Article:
NASA’s James Webb Space Telescope is nearing its final destination about a million miles away, and in Baltimore, scientists and engineers are working to make sure that happens smoothly.
Staff at the Space Telescope Science Institute nestled on Johns Hopkins University’s Homewood Campus have described the last several weeks as “exciting,” “wild,” and “phenomenal.”
“I think the amount of pride, I can’t describe it,” said Yong Taing, an information technology specialist from Hampden working on the project. “It’s something that I was just so excited about and have broadcasted that enthusiasm wide and far throughout on social media.”
On Dec. 25, NASA launched Webb, its largest and most powerful scientific instrument, into space.
Last week the telescope finished unfolding its array of mirrors, designed to take in infrared light, and began testing and tuning instruments.
“I got to say, it’s just shocking how efficient and how successful the mission has been so far,” said Ori Fox, a scientist on the mid-infrared instrument team, one of four instruments on the telescope.
Fox said engineers always anticipate snags, but the process has run smoothly.
Mission control was handed over to the institute in Baltimore at minute 29, and that felt special, according to Taing.
“In Baltimore, we have gone through a lot, and the Webb has gone through a lot. There were times when Webb almost got scrubbed, because there were delays, and we limped along. We pulled out a little miracle. It’s a great comeback story,” he said. “Baltimore is very parallel to that type of story arc. We have endured a lot, and we have a great chance to reset the perspective.”
“The fact that so many of our team members and colleagues live in Hampden, Remington and Charles Village. We live and work here and there’s a tremendous amount of pride that we have,” Taing continued. “I’ve been kind of like the biggest cheerleader for Baltimore.”
Taing was so excited about the launch and his work on the project, he commemorated it with a shoulder tattoo.
“Webb launched on Christmas, so I got it done the week after Christmas,” he said. “I was supposed to get it done the week before launch, but of course there were delays.”
The Space Telescope Science Institute has received and processed data from the Hubble Space Telescope for years, according to spokesperson Christine Pulliam.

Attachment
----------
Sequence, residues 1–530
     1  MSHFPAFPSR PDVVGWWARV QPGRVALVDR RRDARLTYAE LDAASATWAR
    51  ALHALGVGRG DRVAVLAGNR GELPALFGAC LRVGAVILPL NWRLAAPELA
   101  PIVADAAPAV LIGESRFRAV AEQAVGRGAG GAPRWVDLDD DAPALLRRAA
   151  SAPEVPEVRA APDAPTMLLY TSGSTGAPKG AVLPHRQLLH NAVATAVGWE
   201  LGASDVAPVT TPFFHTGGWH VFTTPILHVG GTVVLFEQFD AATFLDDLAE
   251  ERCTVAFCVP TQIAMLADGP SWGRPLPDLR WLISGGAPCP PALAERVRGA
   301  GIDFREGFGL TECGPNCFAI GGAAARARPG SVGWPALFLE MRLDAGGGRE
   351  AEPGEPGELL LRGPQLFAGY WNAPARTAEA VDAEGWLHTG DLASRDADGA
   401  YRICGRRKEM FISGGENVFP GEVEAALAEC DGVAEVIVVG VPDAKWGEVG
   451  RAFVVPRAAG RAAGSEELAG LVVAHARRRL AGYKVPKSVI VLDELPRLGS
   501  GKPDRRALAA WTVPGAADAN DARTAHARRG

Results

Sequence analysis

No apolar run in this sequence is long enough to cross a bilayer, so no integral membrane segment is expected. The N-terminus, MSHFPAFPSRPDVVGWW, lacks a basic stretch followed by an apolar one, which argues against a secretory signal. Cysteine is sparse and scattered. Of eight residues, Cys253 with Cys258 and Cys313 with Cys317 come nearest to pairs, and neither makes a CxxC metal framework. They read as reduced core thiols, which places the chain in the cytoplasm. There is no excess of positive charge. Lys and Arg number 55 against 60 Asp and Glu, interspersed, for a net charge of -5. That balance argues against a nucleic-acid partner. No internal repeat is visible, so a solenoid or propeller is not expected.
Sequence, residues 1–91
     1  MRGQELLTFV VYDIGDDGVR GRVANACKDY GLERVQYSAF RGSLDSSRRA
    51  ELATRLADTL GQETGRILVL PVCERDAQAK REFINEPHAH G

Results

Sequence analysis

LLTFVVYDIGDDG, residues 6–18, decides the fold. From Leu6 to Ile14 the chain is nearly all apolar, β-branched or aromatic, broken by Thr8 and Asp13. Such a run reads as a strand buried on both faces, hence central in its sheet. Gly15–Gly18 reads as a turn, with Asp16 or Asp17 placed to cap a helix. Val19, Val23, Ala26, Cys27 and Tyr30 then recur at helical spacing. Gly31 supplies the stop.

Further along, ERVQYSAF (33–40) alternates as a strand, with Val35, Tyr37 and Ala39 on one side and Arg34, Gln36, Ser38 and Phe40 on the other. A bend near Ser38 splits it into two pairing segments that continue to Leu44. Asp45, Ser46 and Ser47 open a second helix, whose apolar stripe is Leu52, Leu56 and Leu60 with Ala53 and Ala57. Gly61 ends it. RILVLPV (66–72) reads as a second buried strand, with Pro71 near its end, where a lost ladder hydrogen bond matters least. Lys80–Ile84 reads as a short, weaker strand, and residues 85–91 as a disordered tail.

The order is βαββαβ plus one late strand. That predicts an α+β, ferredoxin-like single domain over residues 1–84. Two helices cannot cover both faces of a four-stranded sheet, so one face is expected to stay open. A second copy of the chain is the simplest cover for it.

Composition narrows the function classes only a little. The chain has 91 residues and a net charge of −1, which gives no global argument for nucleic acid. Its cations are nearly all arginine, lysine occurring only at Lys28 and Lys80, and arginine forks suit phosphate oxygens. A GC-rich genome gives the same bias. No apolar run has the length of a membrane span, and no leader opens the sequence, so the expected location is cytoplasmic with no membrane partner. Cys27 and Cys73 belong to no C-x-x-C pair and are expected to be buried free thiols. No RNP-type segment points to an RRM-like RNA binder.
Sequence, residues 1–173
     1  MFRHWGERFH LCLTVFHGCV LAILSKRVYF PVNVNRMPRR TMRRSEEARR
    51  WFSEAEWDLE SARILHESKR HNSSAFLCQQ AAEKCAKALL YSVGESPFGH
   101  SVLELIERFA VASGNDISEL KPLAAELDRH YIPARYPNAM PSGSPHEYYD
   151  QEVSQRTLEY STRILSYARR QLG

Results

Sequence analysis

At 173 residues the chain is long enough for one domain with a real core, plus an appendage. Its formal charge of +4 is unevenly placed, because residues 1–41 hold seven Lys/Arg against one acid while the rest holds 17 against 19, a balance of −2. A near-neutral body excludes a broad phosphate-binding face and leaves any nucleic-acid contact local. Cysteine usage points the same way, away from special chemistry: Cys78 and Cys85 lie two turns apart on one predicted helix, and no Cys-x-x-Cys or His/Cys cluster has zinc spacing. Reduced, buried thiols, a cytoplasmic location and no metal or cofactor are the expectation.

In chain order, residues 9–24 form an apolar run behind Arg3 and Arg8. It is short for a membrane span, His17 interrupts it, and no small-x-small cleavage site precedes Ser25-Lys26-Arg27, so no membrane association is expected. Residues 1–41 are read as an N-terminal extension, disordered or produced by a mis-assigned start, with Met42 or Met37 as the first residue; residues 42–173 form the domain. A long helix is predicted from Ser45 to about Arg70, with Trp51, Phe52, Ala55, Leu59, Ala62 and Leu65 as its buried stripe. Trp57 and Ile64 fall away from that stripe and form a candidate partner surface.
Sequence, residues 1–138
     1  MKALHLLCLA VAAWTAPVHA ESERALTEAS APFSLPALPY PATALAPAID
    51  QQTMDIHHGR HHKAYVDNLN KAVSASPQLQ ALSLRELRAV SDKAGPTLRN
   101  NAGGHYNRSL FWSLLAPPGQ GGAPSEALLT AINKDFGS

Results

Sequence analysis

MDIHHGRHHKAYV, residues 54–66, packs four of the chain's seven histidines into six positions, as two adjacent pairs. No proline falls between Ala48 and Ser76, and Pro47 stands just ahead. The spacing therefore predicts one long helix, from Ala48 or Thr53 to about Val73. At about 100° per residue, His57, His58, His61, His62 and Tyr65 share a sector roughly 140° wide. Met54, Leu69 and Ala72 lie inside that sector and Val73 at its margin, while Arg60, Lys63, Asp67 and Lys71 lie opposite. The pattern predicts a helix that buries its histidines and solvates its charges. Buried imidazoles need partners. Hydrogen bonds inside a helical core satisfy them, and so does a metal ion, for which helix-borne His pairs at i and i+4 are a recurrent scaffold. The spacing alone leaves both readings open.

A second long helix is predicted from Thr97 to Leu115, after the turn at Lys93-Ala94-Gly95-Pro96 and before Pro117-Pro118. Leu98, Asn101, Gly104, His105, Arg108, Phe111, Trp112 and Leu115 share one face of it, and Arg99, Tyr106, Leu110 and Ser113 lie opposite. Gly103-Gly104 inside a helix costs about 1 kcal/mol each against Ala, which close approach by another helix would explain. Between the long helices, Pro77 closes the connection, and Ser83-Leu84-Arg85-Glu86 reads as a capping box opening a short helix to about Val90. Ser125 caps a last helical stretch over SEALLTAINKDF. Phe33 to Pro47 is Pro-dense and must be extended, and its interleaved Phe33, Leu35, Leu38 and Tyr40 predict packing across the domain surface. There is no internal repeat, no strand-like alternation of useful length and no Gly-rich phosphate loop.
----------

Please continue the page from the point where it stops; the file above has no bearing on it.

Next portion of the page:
Unlike Hubble, which is commanded from Goddard Space Flight Center in Greenbelt, NASA’s new Webb telescope, which is about 10 times larger than Hubble and about 100 times more powerful, will be managed right here at the institute.
“I think it is a huge source of pride. The Webb is the biggest telescope in astronomy right now, and a number of different NASA contractors could have potentially won that to run the Webb, but Space Telescope won that contract.”
Fox is a D.C. resident, but has been commuting north for years.
“I have a lot of close family in Baltimore, and I know Baltimore practically as well as I know DC,” he said. “I love the contrast between the two.”
Fox said the Baltimore community’s support for the mission highlighted to him the spirit of the city. He pointed to support from Peabody Heights Brewery’s special edition Astrodino pale ale which for a limited time featured the James Webb telescope on its cans.
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The Webb will continue traveling to the Earth second Lagrange point (known as L2), a location 930,000 miles in the opposite direction of the sun that allows the telescope’s rotation to be in sync with that of Earth.
It is scheduled to arrive Jan 23.
Fox described the Webb’s primary mission as a lookback to the infancy of the universe.
“The main goal for the Webb is to detect the very first stars and galaxies,” he said.
The telescopes infrared sensors will take in data from the very edges of the universe.
“The other really big, exciting thing for the Webb is the potential to detect bio-signatures on Earth-like planets outside of our solar system,” he said.
NASA has identified planets that could have all the right conditions for life, and the Webb will give scientists a much better idea of what’s on those distant planets.
All that data will then be processed at the Space Telescope Science Institute, and it’s a complicated process to untangle it.
“When you see the raw data, you can’t even see a star. It is so noisy. It’s in a weird format. All sorts of weird things are going on, and you have to process the data. That can take hours to run for a given night,” Fox said.
And it doesn’t stop there. After the data is processed, then it needs an analysis, he said.
“There’s about 30 steps in that pipeline and then they produce the final piece of data, and then that data goes into the analysis tools that I’m working on,” he said. “To give people an idea of how bright something is, what the shape is, all sorts of very detailed analysis techniques that we use in astronomy.”
The first images from Webb won’t likely be available until sometime this summer. Even after the telescope arrives at L2 it’ll be calibrating and testing the components on board.
“That’s something that connects us in a very positive way that’s pro-knowledge, pro-science, pro-humanity,” said Taing. “This is before we even get any of the yield of its observations. It’s going to be a huge event when we get that first image from James Webb and for Baltimore to be in that spotlight.”